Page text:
216 pages, b/w illustrations
Six Chemicals That Changed Agriculture is a scientific look at how the chemicals used in today's food production were developed, evaluated, and came to be in wide-spread use. From fertilizers to pest management, antibiotics to DNA, chemicals have transformed the way our food is grown, protected, and processed.
Agriculture is the world's most important environment interaction, the essential human activity, and an increasingly controversial activity because of its use and presumed misuse of chemistry. The major characteristics of US agriculture for at least the last six decades have been rising productivity, declining number of mid-size farms, increasing farm size, an increasing percentage of farm production on fewer, large farms, increasing dependence of chemical technology and more developmental research being done by the agricultural chemical industry rather than by independent land-grant universities. Another equally important feature of modern agriculture is wide-spread suspicion of its technology by the public. Six Chemicals That Changed Agriculture will recount examples of this suspicion related to specific chemicals and present the essence of the suspicion and its results.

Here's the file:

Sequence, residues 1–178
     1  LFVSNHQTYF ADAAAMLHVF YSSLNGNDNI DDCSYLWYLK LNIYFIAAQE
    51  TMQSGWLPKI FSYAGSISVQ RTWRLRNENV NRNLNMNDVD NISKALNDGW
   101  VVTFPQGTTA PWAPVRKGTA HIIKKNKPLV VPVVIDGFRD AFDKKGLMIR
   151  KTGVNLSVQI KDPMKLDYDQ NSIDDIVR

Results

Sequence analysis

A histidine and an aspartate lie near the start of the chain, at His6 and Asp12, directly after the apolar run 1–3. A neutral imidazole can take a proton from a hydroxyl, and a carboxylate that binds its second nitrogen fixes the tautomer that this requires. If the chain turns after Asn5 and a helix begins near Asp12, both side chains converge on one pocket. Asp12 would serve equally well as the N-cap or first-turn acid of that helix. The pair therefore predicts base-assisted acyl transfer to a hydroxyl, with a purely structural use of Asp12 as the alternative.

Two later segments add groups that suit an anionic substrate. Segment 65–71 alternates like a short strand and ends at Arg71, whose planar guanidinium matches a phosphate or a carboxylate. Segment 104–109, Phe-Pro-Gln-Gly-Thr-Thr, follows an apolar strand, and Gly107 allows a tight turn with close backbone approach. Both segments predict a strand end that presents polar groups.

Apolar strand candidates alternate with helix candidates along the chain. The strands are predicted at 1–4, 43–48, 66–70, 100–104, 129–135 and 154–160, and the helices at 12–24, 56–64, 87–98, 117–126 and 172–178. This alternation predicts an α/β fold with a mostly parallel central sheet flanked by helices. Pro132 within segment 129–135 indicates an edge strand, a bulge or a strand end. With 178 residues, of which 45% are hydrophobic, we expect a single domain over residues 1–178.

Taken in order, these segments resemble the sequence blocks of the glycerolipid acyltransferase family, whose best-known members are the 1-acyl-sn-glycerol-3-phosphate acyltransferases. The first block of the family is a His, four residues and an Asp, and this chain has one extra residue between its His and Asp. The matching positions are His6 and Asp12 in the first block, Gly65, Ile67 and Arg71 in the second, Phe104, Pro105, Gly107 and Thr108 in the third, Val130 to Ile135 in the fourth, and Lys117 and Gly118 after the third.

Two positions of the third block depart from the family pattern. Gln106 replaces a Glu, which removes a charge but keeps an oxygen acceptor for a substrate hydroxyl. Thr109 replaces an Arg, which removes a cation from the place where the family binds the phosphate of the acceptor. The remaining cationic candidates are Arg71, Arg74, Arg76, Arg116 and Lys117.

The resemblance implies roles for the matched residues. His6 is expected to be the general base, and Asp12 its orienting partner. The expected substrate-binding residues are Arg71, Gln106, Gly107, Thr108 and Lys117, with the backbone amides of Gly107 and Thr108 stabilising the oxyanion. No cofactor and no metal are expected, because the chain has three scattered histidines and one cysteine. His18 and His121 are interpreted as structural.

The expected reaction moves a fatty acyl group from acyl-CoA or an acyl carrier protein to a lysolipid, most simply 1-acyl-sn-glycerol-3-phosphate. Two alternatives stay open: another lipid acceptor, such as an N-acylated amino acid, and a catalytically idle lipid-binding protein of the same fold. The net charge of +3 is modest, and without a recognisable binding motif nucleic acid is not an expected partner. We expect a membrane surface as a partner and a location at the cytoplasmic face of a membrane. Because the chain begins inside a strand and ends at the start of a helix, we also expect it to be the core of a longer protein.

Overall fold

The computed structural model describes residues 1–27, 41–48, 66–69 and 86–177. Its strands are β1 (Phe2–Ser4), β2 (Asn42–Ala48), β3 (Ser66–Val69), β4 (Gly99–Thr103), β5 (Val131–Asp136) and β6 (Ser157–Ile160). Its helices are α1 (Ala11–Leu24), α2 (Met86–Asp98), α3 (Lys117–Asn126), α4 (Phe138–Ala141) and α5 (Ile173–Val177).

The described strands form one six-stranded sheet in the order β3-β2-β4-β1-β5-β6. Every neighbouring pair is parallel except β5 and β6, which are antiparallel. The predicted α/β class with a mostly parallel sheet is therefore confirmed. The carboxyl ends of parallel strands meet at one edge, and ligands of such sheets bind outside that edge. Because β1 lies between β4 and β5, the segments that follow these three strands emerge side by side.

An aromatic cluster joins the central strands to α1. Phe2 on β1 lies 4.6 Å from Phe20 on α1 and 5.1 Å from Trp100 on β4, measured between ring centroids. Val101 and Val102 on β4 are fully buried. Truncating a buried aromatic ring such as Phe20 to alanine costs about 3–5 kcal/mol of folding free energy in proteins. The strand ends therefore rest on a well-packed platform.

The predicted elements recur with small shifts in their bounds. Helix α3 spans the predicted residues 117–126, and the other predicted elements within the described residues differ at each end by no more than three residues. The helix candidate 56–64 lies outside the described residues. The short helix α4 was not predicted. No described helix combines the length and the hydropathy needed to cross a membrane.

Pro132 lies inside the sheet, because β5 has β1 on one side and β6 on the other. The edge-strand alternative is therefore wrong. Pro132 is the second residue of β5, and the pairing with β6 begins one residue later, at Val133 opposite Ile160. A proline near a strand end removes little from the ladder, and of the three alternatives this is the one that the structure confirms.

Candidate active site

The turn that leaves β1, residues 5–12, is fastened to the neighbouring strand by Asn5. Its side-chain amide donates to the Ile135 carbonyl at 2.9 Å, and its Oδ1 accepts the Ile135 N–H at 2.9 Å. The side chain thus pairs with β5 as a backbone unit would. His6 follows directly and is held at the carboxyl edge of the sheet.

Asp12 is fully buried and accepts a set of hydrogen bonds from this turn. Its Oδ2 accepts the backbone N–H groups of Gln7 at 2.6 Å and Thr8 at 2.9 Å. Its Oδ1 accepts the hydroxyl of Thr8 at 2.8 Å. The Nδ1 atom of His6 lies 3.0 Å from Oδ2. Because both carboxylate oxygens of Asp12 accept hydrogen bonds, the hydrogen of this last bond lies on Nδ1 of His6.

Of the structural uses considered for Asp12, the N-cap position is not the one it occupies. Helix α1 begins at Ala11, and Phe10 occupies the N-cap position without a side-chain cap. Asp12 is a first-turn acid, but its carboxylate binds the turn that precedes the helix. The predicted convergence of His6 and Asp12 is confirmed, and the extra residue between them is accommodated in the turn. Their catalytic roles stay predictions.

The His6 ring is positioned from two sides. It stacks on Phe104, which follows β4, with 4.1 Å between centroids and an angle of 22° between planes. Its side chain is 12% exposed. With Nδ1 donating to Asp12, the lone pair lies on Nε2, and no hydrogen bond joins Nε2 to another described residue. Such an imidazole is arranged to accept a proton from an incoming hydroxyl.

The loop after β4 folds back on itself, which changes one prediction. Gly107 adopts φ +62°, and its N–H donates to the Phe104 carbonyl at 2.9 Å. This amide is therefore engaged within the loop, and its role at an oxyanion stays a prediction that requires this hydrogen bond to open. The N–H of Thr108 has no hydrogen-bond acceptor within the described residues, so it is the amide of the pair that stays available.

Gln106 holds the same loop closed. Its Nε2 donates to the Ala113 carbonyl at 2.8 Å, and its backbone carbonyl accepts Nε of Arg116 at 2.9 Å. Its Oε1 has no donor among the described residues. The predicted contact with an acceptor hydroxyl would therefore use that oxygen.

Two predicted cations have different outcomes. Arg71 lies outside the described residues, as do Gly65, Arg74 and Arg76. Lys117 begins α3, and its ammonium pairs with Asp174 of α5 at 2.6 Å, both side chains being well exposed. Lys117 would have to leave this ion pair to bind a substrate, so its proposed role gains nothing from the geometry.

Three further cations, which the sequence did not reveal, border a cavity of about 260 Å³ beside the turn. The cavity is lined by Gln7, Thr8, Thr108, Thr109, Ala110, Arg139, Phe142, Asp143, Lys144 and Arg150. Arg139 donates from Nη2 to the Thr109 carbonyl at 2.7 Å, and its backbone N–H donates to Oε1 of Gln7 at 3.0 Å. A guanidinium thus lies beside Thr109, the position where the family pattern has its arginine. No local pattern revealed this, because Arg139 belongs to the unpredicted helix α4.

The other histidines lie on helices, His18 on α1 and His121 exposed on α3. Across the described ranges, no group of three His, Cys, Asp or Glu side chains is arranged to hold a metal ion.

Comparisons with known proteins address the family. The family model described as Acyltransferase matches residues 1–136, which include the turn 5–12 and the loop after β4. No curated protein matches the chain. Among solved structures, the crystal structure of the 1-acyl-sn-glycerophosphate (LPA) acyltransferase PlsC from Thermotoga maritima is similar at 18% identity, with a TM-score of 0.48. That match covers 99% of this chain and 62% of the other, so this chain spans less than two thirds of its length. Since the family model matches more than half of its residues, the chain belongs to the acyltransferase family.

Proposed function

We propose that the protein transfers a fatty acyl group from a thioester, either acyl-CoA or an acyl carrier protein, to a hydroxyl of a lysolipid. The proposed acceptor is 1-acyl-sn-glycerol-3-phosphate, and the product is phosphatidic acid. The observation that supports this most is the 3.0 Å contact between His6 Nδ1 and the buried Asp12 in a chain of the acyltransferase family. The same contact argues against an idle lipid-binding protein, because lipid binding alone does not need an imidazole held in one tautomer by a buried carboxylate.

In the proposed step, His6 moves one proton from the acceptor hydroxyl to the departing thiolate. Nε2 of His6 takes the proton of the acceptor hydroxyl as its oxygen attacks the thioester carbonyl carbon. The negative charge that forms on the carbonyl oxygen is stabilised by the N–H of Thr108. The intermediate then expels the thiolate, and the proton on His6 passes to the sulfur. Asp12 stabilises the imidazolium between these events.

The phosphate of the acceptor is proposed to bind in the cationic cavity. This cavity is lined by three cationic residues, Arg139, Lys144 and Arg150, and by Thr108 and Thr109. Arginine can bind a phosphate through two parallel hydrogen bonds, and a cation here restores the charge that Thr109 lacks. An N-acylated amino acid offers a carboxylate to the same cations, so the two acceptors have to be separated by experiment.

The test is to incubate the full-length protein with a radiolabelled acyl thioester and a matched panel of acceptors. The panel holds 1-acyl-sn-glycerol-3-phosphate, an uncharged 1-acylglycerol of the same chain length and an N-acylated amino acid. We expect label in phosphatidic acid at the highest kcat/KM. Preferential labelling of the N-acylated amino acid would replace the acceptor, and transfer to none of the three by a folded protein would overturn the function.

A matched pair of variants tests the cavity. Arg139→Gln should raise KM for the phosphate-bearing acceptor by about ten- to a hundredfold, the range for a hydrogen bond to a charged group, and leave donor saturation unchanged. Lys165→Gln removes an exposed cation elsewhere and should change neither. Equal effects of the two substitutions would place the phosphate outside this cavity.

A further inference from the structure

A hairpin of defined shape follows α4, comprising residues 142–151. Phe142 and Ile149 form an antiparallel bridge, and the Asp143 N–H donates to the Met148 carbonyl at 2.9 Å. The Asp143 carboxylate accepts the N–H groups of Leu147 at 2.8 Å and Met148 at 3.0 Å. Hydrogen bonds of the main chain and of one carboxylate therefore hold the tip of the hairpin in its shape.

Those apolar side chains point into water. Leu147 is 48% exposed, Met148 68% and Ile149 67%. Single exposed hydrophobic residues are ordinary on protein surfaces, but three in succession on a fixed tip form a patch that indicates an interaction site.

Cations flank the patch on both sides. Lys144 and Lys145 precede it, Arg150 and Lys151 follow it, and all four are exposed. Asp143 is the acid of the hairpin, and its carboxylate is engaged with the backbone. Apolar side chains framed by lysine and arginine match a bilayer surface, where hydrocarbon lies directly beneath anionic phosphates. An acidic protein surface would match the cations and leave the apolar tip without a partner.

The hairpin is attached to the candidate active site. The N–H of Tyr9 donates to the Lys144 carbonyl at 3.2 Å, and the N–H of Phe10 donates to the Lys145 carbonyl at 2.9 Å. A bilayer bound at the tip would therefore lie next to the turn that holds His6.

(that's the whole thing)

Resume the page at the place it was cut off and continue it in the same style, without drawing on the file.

Modern agricultural characteristics enabled by chemicals
The chemicals (molecules)
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Robert L. Zimdahl is a Professor of Weed Science at Colorado State University. He received his Ph.D. in Agronomy from Oregon State University. Among his many honors and awards, Dr. Zimdahl was elected a Fellow of the Weed Science Society of America in 1986 and currently serves as editor of that society's journal, Weed Science. He has been a member of several international task forces and has authored a number of books and articles on the subject of weed science.